American Indian Women Granted Increased Access To Emergency Contraception

According to a newly-finalized written policy, Indian Health Services (IHS)-run facilities must provide Plan B One-Step or its generic equivalent to American Indian women without a prescription regardless of age, expanding access to critical emergency contraception to Native American women across 566 federally-recognized tribes nationwide.

via  Shutterstock
via Shutterstock

Prior to IHS’ most recent policy, American Indian women seeking emergency contraception faced significant obstacles. Though the FDA lifted prescription and age requirements on Plan B in 2009 and 2013, a 2014 survey found IHS-run pharmacies frequently denied emergency contraception to Native American women on those grounds, requiring American Indian women seeking Plan B to visit clinics and urgent care facilities and endure medically unnecessary consultations in order to obtain the medication. A 2015 similar survey conducted by Sen. Barbara Boxer (CA-D) and staff yielded comparable results.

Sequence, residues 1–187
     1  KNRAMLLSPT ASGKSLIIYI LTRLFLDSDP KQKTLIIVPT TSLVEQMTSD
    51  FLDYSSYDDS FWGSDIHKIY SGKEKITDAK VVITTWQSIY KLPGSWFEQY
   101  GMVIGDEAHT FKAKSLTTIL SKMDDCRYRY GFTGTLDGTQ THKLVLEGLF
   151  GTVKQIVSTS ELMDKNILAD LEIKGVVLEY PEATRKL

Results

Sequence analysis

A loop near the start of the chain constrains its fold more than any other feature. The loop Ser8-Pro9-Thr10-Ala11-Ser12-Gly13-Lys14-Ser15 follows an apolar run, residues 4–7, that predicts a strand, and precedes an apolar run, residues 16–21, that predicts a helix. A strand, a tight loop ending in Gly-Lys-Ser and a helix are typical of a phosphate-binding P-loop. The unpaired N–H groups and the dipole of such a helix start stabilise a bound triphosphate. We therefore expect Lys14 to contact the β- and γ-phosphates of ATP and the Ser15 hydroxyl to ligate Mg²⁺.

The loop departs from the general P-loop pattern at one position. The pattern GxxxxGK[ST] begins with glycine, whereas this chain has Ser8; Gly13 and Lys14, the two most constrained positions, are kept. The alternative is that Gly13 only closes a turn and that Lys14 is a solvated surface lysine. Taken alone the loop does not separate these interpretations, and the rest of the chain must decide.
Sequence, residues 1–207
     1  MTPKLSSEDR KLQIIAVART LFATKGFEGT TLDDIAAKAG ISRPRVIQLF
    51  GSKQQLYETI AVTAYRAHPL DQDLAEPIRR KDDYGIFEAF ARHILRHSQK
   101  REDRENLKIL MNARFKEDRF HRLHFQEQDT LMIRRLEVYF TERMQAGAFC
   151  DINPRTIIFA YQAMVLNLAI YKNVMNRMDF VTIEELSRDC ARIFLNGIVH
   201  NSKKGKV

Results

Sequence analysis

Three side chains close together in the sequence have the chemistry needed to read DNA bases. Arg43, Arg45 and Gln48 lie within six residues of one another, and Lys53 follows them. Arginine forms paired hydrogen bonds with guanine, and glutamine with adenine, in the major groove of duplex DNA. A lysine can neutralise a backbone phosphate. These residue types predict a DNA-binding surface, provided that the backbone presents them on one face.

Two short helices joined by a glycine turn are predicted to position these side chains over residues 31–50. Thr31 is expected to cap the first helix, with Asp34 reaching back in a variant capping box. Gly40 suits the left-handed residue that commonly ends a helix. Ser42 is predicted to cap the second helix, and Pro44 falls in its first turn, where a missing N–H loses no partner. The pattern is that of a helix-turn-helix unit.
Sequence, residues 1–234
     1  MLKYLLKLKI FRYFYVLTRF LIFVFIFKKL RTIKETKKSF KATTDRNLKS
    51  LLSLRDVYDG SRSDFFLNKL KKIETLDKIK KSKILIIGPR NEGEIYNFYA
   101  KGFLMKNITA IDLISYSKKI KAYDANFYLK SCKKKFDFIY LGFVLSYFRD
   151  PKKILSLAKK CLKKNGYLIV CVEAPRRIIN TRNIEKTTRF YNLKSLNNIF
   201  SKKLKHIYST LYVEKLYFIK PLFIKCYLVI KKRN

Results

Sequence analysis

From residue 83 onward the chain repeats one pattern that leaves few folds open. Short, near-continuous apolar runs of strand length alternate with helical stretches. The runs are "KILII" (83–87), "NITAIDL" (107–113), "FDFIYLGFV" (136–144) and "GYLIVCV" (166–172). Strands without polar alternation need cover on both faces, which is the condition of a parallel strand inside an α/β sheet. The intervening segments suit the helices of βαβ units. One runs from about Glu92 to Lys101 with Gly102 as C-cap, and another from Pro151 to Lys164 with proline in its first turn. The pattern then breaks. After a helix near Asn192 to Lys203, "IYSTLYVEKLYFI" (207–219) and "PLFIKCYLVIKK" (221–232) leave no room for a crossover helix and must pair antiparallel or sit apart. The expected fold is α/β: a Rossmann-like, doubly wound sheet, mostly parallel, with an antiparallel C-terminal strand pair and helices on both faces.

Timely dispensation of emergency contraception is critical. Medications like Plan B inhibit ovulation by delivering a high dose of hormones used in birth control pills to prevent pregnancy. Though emergency contraception can be taken up to five days after insemination, such drugs are most effective the sooner they are administered. For Native American women especially, improved access to emergency contraception is particularly important. According to the U.S. Department of Justice, 1 in 3 American Indian and Native Alaskan women will be raped in their lifetime, more than twice the rate faced by other women in the United States.

ACLU Legislative Counsel Georgeanne Usova applauded the move, but underscored the need for further action moving forward.

“The updated policy IHS released today is a long overdue and important step toward ensuring that Native American women have equal access to emergency contraceptive care,” said Usova. “The policy must now be rigorously enforced so that every woman who relies on IHS for her health care can walk into an IHS pharmacy and obtain the services she needs and is legally entitled to.”

Media Resources: National Partnership for Women and Families 10/19/15

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